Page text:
For states throughout the country this year, there’s a common theme: a climate of uncertainty coupled with a sense of genuine opportunity. Amid worries about the federal government’s failure to boost funding for infrastructure, many states are taking steps to produce that funding on their own. Congress seems to have stalled—again—in its efforts to reform the immigration system, but states are enacting bills designed to grant new rights to some of their undocumented residents. And after a period in which higher education programs faced dramatic cuts, states are putting money back into those programs—some of them more efficiently than in the past. Here are 10 big issues states will look to tackle in 2014, and six smaller ones they’ll also address. …
Medicaid … Income Tax Revision … Minimum Wage Laws … Public Pensions … Immigration … Safety Net … Higher Education … Employee Compensation … Transportation Funding … Drones …
From the abstract:
Most private sector workers with employer-provided health insurance have a strong incentive to continue working until Medicare eligibility in order to maintain group health coverage. However, most government employees have access to retiree health coverage, which allows them access to group health coverage even if they retire before Medicare eligibility. We study the impact of retiree health coverage on the probability of stopping work among public sector workers between the ages of 55 and 64. We find that, for state and local government employees, retiree health coverage raises the probability of stopping work by 5.1 percentage points (around 28 percent) between ages 60 and 64. However, we find no evidence that retiree health coverage influences state and local employees’ decisions to stop work at ages 55-59, or that such coverage has an effect on the probability of stopping work for federal and military employees.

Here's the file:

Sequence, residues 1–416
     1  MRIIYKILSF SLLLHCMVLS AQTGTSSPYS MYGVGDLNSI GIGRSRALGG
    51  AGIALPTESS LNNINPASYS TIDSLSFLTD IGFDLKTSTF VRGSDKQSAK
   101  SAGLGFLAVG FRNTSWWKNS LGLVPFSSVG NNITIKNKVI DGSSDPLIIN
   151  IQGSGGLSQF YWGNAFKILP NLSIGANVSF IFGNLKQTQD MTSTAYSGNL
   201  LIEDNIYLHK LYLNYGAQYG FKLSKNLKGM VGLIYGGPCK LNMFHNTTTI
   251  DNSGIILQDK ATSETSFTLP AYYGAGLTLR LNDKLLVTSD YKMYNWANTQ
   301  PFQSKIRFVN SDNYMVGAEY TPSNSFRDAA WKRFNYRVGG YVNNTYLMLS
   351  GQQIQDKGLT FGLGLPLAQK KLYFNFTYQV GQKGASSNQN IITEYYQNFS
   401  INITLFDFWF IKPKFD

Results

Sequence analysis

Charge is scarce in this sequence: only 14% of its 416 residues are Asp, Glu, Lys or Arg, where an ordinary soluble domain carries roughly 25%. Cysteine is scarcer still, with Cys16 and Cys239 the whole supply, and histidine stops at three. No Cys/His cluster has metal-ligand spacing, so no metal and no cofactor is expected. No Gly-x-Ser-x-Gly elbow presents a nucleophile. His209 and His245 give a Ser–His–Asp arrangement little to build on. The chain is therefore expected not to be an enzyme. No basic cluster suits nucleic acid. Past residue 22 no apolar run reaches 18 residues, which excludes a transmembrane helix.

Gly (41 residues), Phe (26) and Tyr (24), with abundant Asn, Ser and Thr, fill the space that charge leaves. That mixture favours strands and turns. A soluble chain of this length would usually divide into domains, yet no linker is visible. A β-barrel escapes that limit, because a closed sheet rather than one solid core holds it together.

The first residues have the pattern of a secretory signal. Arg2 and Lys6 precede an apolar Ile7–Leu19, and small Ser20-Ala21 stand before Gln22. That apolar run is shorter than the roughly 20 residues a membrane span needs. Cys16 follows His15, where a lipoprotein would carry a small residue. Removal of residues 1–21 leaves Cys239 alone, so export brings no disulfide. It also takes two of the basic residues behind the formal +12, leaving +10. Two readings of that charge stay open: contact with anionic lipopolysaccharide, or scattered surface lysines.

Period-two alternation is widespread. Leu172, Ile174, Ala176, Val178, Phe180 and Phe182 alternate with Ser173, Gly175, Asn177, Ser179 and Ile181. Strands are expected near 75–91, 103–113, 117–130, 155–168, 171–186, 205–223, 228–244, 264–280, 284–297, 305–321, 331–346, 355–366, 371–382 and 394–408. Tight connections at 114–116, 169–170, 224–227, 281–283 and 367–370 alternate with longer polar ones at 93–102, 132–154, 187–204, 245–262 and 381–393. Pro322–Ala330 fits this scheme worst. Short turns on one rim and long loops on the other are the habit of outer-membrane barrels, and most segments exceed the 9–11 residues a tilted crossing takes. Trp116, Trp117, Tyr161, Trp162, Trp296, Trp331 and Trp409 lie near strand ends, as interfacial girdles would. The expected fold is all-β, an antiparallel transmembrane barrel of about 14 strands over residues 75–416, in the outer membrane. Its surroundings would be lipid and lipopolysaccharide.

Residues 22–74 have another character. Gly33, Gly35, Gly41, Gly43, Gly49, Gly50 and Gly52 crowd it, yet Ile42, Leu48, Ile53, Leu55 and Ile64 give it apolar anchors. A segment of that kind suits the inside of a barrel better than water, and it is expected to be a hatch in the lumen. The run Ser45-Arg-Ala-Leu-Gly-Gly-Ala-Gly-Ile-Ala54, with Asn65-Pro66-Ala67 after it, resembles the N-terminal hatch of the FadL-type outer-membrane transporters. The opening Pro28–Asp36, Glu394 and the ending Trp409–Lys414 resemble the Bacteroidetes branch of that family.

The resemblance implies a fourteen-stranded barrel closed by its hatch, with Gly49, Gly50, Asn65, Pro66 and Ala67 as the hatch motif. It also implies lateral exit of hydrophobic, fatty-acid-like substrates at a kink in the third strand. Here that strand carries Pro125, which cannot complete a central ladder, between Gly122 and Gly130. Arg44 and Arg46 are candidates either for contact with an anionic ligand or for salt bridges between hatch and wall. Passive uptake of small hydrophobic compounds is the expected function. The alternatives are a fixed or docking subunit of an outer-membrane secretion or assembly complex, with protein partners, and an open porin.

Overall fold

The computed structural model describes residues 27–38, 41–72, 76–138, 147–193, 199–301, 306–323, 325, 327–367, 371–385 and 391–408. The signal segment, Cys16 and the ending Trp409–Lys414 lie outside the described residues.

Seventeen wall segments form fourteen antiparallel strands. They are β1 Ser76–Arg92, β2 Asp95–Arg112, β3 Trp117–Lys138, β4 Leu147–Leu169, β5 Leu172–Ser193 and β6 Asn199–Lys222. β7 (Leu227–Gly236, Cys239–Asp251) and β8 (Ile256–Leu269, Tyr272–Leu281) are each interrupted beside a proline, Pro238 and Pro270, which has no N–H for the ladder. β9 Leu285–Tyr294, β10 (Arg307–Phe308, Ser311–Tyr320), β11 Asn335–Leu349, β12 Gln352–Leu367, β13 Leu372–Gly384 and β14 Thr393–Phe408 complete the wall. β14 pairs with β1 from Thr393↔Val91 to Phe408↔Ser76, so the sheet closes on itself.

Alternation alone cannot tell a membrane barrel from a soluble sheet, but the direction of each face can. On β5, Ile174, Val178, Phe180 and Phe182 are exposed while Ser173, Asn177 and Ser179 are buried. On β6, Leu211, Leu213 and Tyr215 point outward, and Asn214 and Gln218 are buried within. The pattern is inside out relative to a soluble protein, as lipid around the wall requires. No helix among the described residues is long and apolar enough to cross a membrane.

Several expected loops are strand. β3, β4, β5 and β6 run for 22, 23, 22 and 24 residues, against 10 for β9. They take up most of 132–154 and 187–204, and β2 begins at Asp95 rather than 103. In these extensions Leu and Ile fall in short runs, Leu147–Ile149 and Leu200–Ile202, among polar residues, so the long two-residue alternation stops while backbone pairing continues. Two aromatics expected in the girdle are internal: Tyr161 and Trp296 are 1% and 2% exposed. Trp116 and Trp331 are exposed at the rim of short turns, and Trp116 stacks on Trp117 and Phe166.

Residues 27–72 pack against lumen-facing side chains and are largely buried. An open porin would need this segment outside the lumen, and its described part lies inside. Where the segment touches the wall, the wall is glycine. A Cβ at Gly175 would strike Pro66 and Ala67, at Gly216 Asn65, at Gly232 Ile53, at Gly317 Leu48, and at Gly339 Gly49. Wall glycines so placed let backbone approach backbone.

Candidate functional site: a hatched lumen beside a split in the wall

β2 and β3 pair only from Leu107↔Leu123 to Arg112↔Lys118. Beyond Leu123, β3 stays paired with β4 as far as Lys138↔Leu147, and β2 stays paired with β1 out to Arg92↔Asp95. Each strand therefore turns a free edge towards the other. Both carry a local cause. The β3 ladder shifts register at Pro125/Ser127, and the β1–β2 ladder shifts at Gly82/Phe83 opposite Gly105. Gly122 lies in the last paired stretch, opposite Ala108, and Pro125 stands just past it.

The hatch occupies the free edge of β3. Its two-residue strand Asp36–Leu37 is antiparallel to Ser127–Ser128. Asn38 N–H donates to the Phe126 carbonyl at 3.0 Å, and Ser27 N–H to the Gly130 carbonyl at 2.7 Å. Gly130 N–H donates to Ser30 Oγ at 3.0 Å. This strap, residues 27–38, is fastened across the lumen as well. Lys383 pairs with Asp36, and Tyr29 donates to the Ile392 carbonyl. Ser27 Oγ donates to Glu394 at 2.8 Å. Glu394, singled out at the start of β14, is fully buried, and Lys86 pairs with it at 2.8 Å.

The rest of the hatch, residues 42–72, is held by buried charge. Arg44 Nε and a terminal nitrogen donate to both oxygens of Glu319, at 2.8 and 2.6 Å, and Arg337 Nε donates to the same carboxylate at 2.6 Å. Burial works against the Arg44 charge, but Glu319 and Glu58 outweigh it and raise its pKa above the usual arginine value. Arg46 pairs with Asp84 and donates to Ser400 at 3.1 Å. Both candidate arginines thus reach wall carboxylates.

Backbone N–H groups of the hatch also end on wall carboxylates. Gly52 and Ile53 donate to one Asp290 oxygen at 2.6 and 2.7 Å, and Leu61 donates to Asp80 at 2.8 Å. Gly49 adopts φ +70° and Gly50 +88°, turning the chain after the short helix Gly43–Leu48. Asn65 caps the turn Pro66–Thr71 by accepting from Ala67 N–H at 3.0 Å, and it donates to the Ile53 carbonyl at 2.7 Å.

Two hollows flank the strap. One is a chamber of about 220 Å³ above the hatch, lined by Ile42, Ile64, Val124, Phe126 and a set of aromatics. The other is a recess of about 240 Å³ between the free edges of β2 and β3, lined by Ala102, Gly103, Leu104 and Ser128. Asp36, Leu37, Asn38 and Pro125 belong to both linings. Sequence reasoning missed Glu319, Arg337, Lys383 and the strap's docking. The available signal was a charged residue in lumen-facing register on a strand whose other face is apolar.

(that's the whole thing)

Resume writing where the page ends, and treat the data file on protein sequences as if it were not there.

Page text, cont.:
From the abstract:
A major factor weighing down the long-term finances of state and local governments is the obligation to fund retiree benefits. While state and local government pension obligations have been analyzed in great detail, much less attention has been paid to the costs of the other major retiree benefit provided by these governments: retiree health insurance. The first portion of the paper uses the information contained in the annual actuarial reports for public retiree health plans to reverse engineer the cash flows underlying the liabilities given in the report. Obtaining the cash flows allows us to construct liability estimates which are consistent across governments in terms of the discount rate, actuarial method and assumptions concerning medical cost inflation and mortality. We find that the total unfunded accrued liability of state and local governments for the provision of retiree health care exceeds $1 trillion, or about 1⁄3 of total state and local government revenue. Relative to pension obligations discounted at the same rate, we find that unfunded retiree health care liabilities are 1⁄2 the size of unfunded pension obligations. We also find that using assumptions concerning the growth in health care costs that are arguably more realistic than those employed by most states actually reduces the size of the liability in most cases. Pushing in the opposite direction, we find that using plausibly more realistic mortality assumptions increases the size of liability. The second portion of the paper places retiree health care obligations into context by examining the budget pressures associated with retiree health on a continuing, largely pay-as-you go basis. We find that much of the projected increase in retiree health obligations as a share of revenue is the result of health care cost growth. On average, states could put their retiree health obligations into long-run fiscal balance by contributing an additional 3⁄4 percent of total revenue toward the benefit each year. There is, however, wide variation across the states, with the majority of states requiring little in the way of additional financing, but some states requiring a significantly larger increase.